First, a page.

United Airlines CEO to testify on Capitol Hill Tuesday after doctor dragged off flight

The airline reached a settlement with a roughed-up passenger on this week.

On Tuesday morning, Munoz, along with leadership from other domestic carriers, will face questions about the incident and what can be done to improve the relationship between airlines and passengers.

“Next week’s oversight hearing will give Committee Members an opportunity to get much-needed answers about airline customer service policies and what is being done to improve service for the flying public,” said Transportation and Infrastructure Committee Chairman Bill Shuster, R-Penn.

United Airlines and Dao's attorney Thursday announced a settlement had been reached. The airline repeatedly apologized to Dao for the incident.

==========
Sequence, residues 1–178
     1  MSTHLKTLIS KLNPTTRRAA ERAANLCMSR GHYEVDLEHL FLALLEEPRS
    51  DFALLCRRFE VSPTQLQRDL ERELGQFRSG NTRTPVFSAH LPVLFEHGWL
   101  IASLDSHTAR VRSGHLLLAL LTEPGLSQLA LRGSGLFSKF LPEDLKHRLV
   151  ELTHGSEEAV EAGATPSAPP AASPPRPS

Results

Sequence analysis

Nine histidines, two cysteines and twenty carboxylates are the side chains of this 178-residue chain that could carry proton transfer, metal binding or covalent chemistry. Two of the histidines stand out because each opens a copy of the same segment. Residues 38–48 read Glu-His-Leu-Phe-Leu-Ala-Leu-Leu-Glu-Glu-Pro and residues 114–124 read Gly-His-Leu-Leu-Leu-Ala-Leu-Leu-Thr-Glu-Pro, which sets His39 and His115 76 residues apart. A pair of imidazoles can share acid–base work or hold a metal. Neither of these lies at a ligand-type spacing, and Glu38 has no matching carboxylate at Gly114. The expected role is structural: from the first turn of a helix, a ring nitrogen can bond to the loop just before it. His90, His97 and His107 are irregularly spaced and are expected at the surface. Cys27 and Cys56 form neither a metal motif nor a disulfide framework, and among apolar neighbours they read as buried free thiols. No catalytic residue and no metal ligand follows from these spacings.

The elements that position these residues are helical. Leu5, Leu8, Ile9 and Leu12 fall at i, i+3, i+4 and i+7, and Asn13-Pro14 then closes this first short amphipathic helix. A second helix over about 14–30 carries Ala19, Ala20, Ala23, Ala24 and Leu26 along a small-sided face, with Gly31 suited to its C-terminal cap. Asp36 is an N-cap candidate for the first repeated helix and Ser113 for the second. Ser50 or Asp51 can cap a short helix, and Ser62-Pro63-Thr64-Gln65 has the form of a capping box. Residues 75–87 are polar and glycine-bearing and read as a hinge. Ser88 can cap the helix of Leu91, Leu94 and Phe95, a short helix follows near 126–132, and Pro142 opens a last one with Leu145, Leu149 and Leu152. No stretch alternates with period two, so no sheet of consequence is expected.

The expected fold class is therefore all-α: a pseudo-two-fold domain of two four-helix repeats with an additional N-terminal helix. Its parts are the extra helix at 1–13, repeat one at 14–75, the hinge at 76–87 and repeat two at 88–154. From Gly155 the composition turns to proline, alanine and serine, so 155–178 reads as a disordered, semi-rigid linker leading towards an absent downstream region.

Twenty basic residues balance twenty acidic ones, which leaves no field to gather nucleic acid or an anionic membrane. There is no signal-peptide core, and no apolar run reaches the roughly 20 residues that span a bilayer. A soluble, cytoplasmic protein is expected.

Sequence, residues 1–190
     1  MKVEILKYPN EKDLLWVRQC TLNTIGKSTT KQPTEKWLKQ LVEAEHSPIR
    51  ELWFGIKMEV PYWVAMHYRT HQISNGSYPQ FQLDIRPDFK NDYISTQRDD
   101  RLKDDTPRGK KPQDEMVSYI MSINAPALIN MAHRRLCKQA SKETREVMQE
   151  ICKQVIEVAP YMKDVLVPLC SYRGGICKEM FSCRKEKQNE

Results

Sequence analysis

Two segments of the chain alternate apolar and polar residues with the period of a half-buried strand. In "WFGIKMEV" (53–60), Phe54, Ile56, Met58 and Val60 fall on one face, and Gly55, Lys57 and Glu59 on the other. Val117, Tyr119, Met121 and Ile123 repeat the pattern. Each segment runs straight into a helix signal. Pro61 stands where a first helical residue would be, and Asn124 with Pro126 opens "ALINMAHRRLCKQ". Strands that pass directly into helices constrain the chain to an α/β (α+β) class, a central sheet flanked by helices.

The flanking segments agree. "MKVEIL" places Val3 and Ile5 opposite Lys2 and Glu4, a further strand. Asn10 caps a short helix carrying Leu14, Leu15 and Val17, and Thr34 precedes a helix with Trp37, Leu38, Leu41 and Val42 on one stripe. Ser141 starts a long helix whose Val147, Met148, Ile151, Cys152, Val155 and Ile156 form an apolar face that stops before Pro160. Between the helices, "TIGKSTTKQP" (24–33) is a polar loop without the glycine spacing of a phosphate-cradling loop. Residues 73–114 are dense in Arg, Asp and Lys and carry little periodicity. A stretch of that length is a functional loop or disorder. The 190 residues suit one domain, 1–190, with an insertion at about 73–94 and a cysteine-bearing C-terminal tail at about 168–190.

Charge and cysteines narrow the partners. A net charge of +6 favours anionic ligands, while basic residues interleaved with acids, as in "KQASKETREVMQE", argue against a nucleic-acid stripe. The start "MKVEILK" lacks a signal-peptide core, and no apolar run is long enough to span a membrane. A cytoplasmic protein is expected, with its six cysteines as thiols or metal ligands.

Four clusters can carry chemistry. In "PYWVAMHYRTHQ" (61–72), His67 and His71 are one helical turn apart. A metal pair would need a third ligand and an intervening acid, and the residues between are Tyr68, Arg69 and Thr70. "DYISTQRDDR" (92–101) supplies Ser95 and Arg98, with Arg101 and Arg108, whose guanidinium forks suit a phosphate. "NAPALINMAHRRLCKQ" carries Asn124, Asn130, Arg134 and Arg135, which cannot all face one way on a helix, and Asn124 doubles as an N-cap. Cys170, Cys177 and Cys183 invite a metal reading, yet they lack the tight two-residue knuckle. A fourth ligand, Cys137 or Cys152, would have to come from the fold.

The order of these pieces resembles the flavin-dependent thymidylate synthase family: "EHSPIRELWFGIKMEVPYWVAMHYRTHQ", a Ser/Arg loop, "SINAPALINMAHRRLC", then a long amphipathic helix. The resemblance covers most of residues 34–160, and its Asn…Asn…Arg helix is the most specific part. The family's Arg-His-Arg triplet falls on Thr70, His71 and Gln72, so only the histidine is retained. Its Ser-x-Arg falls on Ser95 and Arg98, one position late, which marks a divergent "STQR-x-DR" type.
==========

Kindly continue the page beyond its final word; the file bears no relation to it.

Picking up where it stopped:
The settlement includes a provision that the amount remain confidential, Dao's attorney, Thomas A. Demetrio, said in the release.

Demetrio and United CEO both described the settlement as "amicable."

The agreement was announced the same day that United released a slew of changes in policy, including no longer involving law enforcement on matters outside of safety and security. Customers will also no longer be required to give up their seat involuntarily unless safety or security is at risk. Additionally, Compensation for voluntary denied boarding will be increased up to $10,000, along with other changes.

The House Transportation and Infrastructure Committee is scheduled to convene at 9:30 a.m. on Tuesday.